Conclusions

Although there are no federal-level examinations in the United States and there is a distinction between national testing, national standards, and federal testing and standards, the federal government is able to indirectly influence what is taught is public schools. First, the adoption of national goals for education provides states with a centralized framework for what students should know. Second, the federal government awards money to states to develop curriculum and assessments based on these goals. And third, states that align their curriculum and testing to the NAEP achieve higher overall performance measures on the NAEP. All of these and more make the National Assessment of Educational Progress truly a "national" examination.

BIBLIOGRAPHY

ECKSTEIN, MAX A. and NOAH, HAROLD J., eds. 1992. Examinations: Comparative and International Studies. New York: Pergamon Press.

GRISSMER, DAVID W., and FLANAGAN, ANN E. 1998. "Exploring Rapid Test Score Gains in Texas and North Carolina." Commissions paper, Washington, DC: National Education Goals Panel.

GRISSMER, DAVID W.; FLANAGAN, ANN E.; and WILLIAMSON, STEPHANIE. 1998. "Why Did Black Test Scores Rise Rapidly in the 1970s and 1980s?" In The Black-White Test Score Gap, ed. Christopher Jenks and Meredith Phillips. Washington, DC: Brookings Institution Press.

GRISSMER, DAVID W., et al. 2000. Improving Student Achievement: What State NAEP Scores Tell Us. Santa Monica, CA: RAND.

HAUSER, ROBERT M. 1998. "Trends in Black-White Test Score Differentials: Uses and Misuses of NAEP/SAT Data." In The Rising Curve: Long-Term Changes in IQ and Related Measures, ed. Ulric Neisser. Washington, DC: American Psychological Association.

HEDGES, LARRY V., and NOWELL, AMY. 1998. "Group Differences in Mental Test Scores: Mean Differences, Variability and Talent." In The Black-White Test Score Gap, ed. Christopher Jenks and Meredith Phillips. Washington, DC: Brookings Institution Press.

INTERNATIONAL ASSOCIATION FOR THE EVALUATION OF EDUCATIONAL ACHIEVEMENT, TIMSS INTERNATIONAL STUDY CENTER. 1996. Mathematics Achievement in the Middle School Years: IEA's Third International Mathematics and Science Study TIMSS. Chestnut Hill, MA: Boston College.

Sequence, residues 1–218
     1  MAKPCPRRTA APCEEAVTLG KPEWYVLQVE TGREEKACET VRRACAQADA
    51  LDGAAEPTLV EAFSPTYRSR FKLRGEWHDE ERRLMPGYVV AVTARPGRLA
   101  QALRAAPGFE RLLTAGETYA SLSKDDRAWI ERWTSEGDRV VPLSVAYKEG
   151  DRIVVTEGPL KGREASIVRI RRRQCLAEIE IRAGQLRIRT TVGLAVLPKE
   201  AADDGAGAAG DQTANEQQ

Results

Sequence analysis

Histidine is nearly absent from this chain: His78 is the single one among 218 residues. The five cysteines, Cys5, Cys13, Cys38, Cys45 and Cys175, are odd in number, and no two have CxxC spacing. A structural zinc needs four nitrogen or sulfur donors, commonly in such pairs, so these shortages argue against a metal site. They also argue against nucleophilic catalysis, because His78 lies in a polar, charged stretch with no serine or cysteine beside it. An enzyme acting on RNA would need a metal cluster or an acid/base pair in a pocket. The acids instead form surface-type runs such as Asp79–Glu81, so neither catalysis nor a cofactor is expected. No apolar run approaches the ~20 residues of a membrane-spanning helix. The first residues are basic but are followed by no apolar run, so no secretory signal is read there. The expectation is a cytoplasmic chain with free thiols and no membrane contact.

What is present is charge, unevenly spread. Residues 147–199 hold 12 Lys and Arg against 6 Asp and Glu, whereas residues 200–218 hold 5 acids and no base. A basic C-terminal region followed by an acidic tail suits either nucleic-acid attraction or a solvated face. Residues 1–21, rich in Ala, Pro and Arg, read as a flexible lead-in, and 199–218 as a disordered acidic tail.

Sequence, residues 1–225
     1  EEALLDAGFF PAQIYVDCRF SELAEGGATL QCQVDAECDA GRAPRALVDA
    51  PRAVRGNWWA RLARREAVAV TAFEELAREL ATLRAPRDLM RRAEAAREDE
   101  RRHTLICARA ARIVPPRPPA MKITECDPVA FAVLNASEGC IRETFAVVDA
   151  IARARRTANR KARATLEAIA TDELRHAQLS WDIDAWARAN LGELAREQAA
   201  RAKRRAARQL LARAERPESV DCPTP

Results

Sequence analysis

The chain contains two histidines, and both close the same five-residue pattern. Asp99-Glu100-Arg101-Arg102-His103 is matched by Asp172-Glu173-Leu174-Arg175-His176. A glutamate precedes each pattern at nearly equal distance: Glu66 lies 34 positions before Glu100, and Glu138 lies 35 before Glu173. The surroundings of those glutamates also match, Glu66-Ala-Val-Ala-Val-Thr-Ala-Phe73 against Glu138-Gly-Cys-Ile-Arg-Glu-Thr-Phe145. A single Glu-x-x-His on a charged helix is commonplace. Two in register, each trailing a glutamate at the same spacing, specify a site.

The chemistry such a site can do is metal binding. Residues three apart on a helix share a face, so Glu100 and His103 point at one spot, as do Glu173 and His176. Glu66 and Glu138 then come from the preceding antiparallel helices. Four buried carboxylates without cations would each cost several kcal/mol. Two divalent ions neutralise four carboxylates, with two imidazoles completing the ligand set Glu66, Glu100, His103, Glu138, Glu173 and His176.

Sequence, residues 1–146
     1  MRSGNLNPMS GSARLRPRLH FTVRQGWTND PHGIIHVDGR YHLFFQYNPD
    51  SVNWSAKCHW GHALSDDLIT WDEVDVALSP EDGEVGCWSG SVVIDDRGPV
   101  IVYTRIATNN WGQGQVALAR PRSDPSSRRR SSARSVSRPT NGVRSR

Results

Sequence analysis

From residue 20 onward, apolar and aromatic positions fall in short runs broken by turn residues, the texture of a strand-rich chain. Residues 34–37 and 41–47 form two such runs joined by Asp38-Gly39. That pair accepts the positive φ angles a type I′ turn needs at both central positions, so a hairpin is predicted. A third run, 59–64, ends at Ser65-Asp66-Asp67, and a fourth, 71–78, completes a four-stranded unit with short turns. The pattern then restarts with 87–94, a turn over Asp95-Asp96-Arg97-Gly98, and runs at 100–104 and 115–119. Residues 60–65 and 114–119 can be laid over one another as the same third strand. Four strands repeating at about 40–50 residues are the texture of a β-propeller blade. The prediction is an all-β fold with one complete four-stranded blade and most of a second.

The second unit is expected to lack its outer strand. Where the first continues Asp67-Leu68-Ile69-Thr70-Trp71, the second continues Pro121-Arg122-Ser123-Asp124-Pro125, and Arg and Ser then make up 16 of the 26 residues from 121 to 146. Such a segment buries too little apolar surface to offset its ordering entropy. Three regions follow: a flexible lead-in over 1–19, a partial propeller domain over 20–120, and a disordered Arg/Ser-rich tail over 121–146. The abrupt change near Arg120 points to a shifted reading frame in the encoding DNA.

NATIONAL RESEARCH COUNCIL. 1999. Evaluation of the Voluntary National Tests, Year: Final Report. Washington, DC: National Academy Press.

NATIONAL RESEARCH COUNCIL. 1999. Grading the Nation's Report Card: Evaluating NAEP and Transforming the Assessment of Educational Progress. Washington, DC: National Academy Press.

NATIONAL RESEARCH COUNCIL. 1999. High Stakes: Testing for Tracking, Promotion, and Graduation. Washington, DC: National Academy Press.

NATIONAL RESEARCH COUNCIL. 1999. Uncommon Measures: Equivalence and Linkage Among Educational Tests. Washington, DC: National Academy Press.

ORGANISATION FOR ECONOMIC CO-OPERATION and DEVELOPMENT, PROGRAMME FOR INTERNATIONAL STUDENT ASSESSMENT. 2001. Knowledge and Skills for Life: First Results from PISA 2000. Paris, France: Organisation for Economic Cooperation and Development.

RAVITCH, DIANE. 1995. National Standards in American Education: A Citizens Guide. Washington, DC: Brookings Institution Press.

ROTHSTEIN, RICHARD. 1998. The Way We Were? The Myths and Realities of American's Student Achievement. New York: The Century Foundation Press.

U.S. DEPARTMENT OF EDUCATION, OFFICE OF EDUCATIONAL RESEARCH AND IMPROVEMENT, NATIONAL CENTER FOR EDUCATION STATISTICS.1995. Progress of Education in the United States of America–1990 through 1994. Washington, DC: U.S. Department of Education.

U.S. DEPARTMENT OF EDUCATION, OFFICE OF EDUCATIONAL RESEARCH AND IMPROVEMENT, NATIONAL CENTER FOR EDUCATION STATISTICS.1997. NAEP 1996 Trends in Academic Progress: Achievement of U.S. Students. Washington, DC:U.S. Department of Education.

U.S. DEPARTMENT OF EDUCATION, OFFICE OF EDUCATIONAL RESEARCH AND IMPROVEMENT, NATIONAL CENTER FOR EDUCATION STATISTICS.1998. Linking the National Assessment of Educational Progress (NAEP) and the Third International Mathematics and Science Study (TIMSS): Eighth-Grade Results. Washington, DC: U.S. Department of Education.

INTERNET RESOURCES

EXECUTIVE OFFICE OF THE WHITE HOUSE. 1998. "Goals 2000: Reforming Education to Improve Student Achievement." <www.ed.gov/pubs/G2KReforming>.

EXECUTIVE OFFICE OF THE WHITE HOUSE. 2002. "No Child Left Behind Act of 2001." <www.ed.gov/legislation/ESEA02/107-110.pdf>.

ANN E. FLANAGAN